Private sector firms perform routine road maintenance through multiyear, performance-based planning and maintenance contracts that cover 92 percent of the road network. Using visual observations of the road and contract expenditure, the evaluation found that the MCC roads received adequate routine maintenance. However, Roads of Cabo Verde will most likely need support for periodic maintenance (due in around seven years). Stakeholders indicated satisfaction with the level of routine maintenance through these performance-based contracts.

Out of the 11 conditions related to maintenance in the compact, 7 were completed and 1 was partially completed. Although the Cabo Verde road sector improvements cannot be attributed entirely to MCC, supporting the establishment of the Road Fund and of a fuel levy to resource the Road Fund was an important foundation. This levy has been the only source of revenue for the Road Fund and the new entity Roads of Cabo Verde

Road Usage

top origins and destinations

Top 10 origins and destinations along Road 4

The average Annual Daily Traffic (AADT) rates in 2019 for the road investments were: 547 (Road 1), 584 (Road 2), 562 (Road 4A), and 126 (Road 4B). Traffic growth post-compact was “modest.” Most road users are on work-related trips. Drivers are predominantly middle-aged men, and public transportation users are typically younger and mostly female.

Public transportation accounts for 33-44 percent of all vehicles on the roads. Hilux pickup trucks are the most common and are adapted and used for passenger trips and transporting goods. Cargo transported is mainly for small-scale, informal operations and carried by light- to medium-size trucks (Hiluxes and Dynas). Road 1 saw a relatively large percentage of agricultural items (to be expected given its location along a large agricultural area). Road 4 shows a relatively larger percentage of fish being transported than do Roads 1 and 2. The fishing town of Rincão is this road’s western terminus.

Economic Rate of Return

MCC considers a 10 percent economic rate of return (ERR) as the threshold to proceed with investment.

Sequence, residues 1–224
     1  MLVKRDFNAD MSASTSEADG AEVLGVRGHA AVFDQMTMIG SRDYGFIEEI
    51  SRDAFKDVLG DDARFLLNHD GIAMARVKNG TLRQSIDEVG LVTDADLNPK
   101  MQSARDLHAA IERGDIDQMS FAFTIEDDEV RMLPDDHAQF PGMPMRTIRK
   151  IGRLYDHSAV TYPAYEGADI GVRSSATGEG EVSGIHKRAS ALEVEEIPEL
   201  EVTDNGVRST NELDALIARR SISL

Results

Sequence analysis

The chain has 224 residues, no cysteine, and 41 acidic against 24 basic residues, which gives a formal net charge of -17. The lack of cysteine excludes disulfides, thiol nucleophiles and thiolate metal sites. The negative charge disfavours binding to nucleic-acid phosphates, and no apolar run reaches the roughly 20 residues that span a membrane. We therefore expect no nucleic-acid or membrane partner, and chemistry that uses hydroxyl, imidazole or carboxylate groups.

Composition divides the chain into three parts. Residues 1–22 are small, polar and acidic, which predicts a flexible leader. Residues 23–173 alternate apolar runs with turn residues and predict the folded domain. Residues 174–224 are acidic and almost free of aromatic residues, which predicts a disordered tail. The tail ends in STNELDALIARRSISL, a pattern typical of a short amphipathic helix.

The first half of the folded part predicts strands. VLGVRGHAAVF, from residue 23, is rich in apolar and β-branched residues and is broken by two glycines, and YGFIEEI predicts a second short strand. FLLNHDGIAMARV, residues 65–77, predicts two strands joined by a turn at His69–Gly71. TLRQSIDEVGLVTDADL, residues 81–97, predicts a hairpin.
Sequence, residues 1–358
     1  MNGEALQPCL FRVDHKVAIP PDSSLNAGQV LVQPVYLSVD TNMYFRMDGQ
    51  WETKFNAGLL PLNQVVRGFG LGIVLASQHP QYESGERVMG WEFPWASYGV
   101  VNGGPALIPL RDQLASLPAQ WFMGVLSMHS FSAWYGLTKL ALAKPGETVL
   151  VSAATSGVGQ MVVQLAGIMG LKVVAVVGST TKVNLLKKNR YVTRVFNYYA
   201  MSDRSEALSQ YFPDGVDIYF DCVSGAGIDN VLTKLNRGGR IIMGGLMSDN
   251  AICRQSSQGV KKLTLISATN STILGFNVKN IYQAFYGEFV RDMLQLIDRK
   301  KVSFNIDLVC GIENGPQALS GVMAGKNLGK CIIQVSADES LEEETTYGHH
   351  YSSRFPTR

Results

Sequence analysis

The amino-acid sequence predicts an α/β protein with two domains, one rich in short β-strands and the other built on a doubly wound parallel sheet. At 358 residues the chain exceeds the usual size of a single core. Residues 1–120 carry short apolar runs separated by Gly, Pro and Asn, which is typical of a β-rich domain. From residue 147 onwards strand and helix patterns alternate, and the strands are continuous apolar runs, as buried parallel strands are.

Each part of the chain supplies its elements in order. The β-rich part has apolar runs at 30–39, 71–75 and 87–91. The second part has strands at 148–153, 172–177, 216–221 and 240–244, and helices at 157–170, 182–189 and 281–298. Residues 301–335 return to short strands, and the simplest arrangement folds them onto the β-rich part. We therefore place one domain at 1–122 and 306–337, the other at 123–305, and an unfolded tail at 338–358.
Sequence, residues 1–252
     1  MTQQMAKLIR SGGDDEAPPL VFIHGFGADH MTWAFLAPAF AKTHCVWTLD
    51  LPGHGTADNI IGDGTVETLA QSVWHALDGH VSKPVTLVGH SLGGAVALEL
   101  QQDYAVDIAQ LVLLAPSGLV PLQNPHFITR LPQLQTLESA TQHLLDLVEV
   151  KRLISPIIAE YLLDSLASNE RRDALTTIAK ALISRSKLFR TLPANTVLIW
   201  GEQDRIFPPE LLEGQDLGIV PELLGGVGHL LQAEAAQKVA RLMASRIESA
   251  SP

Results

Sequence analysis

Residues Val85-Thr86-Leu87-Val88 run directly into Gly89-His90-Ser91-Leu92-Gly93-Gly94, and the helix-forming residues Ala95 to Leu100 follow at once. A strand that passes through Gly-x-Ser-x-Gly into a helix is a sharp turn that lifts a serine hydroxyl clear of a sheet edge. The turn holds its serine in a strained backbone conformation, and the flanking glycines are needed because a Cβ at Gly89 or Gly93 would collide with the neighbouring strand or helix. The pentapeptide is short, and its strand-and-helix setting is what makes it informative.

• 19.20%
    Original ERR (Roads Investments)
  • 10.50%
    Evaluation-Based ERR (Roads Investments)
  • 21.79%
    Original ERR (Bridges Investments)
  • 20.48%
    Evaluation-Based ERR (Bridges Investments)

Key drivers of the reduced evaluation-based ERRs include lower-than-expected traffic and higher construction costs.

MCC Learning

  • A deeper due diligence analysis on potentials of traffic growth should have taken place upstream prior to program design.

  • Third-party assessments of growth diagnoses and constraints to growth should serve not as the only reliable evidence for investments, but rather as an additional layer of evidence and data source.

  • A strict requirement for a maintenance regime has proven to help set the basis for the post-Compact, nationwide road maintenance system.

Evaluation Methods

Evaluation methodology and data collection details

This performance evaluation adopted a mixed-methods approach with both quantitative and qualitative data collection. Primary data collection included two rounds of manual traffic counts, an origin-destination survey, a public transportation user survey, a vehicle operating costs survey, and a road roughness study. Additionally, key informant interviews were conducted with road sector stakeholders.

Quantitative data was analyzed using descriptive statistics. Qualitative data was coded and analyzed to identify thematic trends. As Cabo Verde was the oldest MCC compact still under evaluation when it was analyzed, the exposure period was relatively long at over eight years.